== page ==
• One of the most significant things about cash flow analysis is that it doesn’t consider any growth in the cash flow statement. The cash flow statement always shows what happened in the past. But past information may not be able to portray the right information about a company for investors interested in investing in the company. For example, if the company has invested a large amount of cash into R&D and would generate a huge amount of cash through its ground-breaking idea, these should come in the cash flow statement (but they don’t get included in the cash flow).
  • Another disadvantage of the cash flow statement is this – it can’t be easily interpreted. For example, it’s difficult to understand from a cash flow statement whether a company is paying off its debt or investing more in assets. If you ask any investor to interpret the cash flow statementCash Flow StatementA Statement of Cash Flow is an accounting document that tracks the incoming and outgoing cash and cash equivalents from a business.read more, he wouldn’t be able to understand much without the help of the income statement and the other information about transactions that occurred throughout the period.
  • A Cash Flow Statement is inappropriate if you want to understand the firm’s profitability because, in the cash flow statement, non-cash items are not considered. Thus, all the profits are deducted, and all the losses are added back to get the actual cash inflow or outflow.
  • The Cash Flow Statement is articulated based on the cash basis of accounting and completely ignores the accrual concept of accounting.

Summary

Line ItemComments
Cash flow from operating activities 
Net IncomeFrom the Net Income line on the income statement
Adjustments for 
DepreciationDepreciationDepreciation is a systematic allocation method used to account for the costs of any physical or tangible asset throughout its useful life. Its value indicates how much of an asset’s worth has been utilized. Depreciation enables companies to generate revenue from their assets while only charging a fraction of the cost of the asset in use each year. read more & AmortizationFrom the corresponding line item in the Income Statement
Provision for losses on accounts receivablesAccounts ReceivablesAccounts receivables is the money owed to a business by clients for which the business has given services or delivered a product but has not yet collected payment. They are categorized as current assets on the balance sheet as the payments expected within a year. read moreFrom the change in the allowance for doubtful accountsAllowance For Doubtful AccountsAllowance for doubtful accounts primarily means creating an allowance for the estimated part that may be uncollectible and may become bad debt and is shown as a contra asset account that reduces the gross receivables on the balance sheet to reflect the net amount expected to be paid.read more in the period
Gains / Loss on sale of a facilityFrom gain/loss accounts in the Income Statement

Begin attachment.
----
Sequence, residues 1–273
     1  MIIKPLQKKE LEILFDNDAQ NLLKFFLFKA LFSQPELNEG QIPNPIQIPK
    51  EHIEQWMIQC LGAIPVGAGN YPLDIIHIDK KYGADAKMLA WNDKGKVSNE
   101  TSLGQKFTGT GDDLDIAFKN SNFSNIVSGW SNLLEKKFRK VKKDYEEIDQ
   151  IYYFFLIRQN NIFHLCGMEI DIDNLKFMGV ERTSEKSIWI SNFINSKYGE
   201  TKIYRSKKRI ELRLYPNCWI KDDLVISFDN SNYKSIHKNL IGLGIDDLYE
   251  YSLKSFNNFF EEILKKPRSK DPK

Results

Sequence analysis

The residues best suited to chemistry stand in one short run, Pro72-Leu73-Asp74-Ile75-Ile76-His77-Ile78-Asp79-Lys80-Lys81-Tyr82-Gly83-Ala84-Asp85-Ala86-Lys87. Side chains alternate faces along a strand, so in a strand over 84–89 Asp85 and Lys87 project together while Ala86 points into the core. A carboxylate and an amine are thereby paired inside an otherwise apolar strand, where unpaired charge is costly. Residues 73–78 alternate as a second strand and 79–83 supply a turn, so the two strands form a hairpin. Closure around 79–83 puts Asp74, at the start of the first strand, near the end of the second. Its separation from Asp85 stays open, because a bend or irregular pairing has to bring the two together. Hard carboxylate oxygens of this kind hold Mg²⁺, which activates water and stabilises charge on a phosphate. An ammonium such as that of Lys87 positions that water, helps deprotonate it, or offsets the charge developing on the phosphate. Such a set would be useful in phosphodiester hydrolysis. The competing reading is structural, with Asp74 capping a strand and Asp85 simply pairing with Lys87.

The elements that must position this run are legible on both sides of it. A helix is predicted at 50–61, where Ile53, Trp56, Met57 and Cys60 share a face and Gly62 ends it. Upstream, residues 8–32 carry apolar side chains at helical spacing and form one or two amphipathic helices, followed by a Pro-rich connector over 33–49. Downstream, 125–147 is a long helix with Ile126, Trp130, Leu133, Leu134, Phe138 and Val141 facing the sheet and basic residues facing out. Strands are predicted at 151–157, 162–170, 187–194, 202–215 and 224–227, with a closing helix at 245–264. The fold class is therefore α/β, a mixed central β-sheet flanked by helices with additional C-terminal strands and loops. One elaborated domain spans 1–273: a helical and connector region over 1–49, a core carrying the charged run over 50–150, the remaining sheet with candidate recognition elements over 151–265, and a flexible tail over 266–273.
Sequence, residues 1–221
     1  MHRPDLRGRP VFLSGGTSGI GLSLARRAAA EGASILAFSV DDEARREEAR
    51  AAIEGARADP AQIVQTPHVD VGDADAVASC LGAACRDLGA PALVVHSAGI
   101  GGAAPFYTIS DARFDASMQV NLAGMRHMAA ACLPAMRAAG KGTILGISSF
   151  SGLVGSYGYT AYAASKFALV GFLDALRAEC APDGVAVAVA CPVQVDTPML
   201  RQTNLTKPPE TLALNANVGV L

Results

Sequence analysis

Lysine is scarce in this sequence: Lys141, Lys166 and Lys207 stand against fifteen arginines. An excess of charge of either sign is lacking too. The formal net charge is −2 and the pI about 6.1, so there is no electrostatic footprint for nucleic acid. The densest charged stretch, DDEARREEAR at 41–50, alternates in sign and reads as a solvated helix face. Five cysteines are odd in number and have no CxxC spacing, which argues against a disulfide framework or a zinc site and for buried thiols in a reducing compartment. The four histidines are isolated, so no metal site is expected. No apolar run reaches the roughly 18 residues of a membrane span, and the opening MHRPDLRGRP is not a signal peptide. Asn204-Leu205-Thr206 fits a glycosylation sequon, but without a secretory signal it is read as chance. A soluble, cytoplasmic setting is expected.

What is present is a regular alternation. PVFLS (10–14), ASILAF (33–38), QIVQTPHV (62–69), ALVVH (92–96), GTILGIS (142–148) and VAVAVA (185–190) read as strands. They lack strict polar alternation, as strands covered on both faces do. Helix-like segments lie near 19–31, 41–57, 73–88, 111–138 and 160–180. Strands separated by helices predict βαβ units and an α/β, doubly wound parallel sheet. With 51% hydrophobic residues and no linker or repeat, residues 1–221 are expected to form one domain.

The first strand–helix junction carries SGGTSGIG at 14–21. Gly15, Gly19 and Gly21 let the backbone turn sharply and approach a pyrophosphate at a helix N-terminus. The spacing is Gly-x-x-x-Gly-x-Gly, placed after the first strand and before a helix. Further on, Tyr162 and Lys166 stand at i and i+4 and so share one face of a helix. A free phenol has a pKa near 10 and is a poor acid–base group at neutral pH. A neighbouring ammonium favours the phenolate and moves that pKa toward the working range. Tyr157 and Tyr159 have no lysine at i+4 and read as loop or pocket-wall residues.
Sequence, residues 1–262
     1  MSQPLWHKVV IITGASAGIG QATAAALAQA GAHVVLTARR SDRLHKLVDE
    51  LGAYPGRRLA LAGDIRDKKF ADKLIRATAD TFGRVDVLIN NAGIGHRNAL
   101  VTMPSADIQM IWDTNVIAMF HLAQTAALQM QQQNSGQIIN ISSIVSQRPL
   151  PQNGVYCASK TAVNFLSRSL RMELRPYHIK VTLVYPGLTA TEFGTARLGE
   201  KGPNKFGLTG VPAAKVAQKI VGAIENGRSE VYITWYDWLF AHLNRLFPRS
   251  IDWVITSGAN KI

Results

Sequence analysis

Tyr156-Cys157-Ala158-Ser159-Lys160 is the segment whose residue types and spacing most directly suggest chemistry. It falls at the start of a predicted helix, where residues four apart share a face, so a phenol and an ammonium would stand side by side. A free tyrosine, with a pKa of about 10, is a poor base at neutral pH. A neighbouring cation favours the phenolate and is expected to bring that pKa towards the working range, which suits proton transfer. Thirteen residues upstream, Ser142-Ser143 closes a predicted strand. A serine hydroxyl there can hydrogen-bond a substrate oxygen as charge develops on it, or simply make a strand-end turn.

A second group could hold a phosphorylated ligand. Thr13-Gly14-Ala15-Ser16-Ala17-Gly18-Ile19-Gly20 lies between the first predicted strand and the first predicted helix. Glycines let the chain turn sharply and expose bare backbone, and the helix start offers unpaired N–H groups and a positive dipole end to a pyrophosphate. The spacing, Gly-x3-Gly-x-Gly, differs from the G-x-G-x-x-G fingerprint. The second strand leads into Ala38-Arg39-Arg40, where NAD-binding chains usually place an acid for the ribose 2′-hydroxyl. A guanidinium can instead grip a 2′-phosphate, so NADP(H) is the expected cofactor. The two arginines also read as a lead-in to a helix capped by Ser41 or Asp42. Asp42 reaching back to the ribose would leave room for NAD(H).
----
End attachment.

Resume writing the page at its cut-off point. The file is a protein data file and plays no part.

Increase/Decrease in trade receivablesChange in trade receivablesTrade ReceivablesTrade receivable is the amount owed to the business or company by its customers. It is also known as account receivables and is represented as current liabilities in balance sheet.read more during the period from the balance sheet
Increase/Decrease in inventoriesChange in inventory during the period from the balance sheetThe Period From The Balance SheetA balance sheet is one of the financial statements of a company that presents the shareholders' equity, liabilities, and assets of the company at a specific point in time. It is based on the accounting equation that states that the sum of the total liabilities and the owner's capital equals the total assets of the company.read more
Increase/Decrease in trade payablesChange in trade payable during the period from the balance sheet
Cash generated from OperationsSummary of preceding items in the Section
  
Cash Flow from Investing Activities 
Purchase of Fixed AssetsItemized in the fixed asset accountsAsset AccountsAsset Accounts are one of the categories in the General Ledger Accounts holding all the credit & debit details of a Company’s assets. The examples include Short-Term Investments, Prepaid Expenses, Supplies, Land, equipment, furniture & fixtures etc. read more during the period
Proceeds from the sale of Fixed AssetsItemized in the fixed asset accounts during the period
Net Cash Used in Investing ActivitiesSummary of preceding items in the Section
  
Cash Flow from Financing Activities 
Proceed from the issuance of common stockNet Increase in Common Stock & additional paid-in Capital accountsAdditional Paid-in Capital AccountsAdditional paid-in capital or capital surplus is the company's excess amount received over and above the par value of shares from the investors during an IPO. It is the profit a company gets when it issues the stock for the first time in the open market.read more during the period
Proceeds from issuance of Long Term DebtIssuance Of Long Term DebtLong-term debt is the debt taken by the company that gets due or is payable after one year on the date of the balance sheet. It is recorded on the liabilities side of the company's balance sheet as the non-current liability.read moreItemized in the Long Term Debt accounts during the period
Dividends PaidItemized in the Retained Earnings accounts during the period
Net Cash Used in Financing ActivitiesSummary of preceding items in the Section
  
Net Change in Cash & Cash EquivalentsSummary of All the Preceding Subtotals

Conclusion

To understand a company and its financial affairs, you need to look at all three statements and all the ratios. Only cash flow analysis would not be able to give you the right picture of a company. Look for net cash inflow, but also ensure you have checked how profitable the company has been over the years.

Also, cash flow analysis is not an easy thing to calculate. If you want to calculate cash flow analysis, you need to understand more than the basic level of finance. And you also need to understand financial terms, how they are captured in the statements, and how they reflect the income statementIncome StatementThe income statement is one of the company's financial reports that summarizes all of the company's revenues and expenses over time in order to determine the company's profit or loss and measure its business activity over time based on user requirements.read more. Thus, if you want to do a cash flow analysis, first know how to see the income statement and understand what to include and what to exclude in the cash flow statement.

Cash Flow Analysis Video

 

Reader Interactions

Comments

  1. Aziz Ur Rahman says

    Thank you for such professionally excellent analysis of cash flow

    • Dheeraj Vaidya says

      thanks Aziz!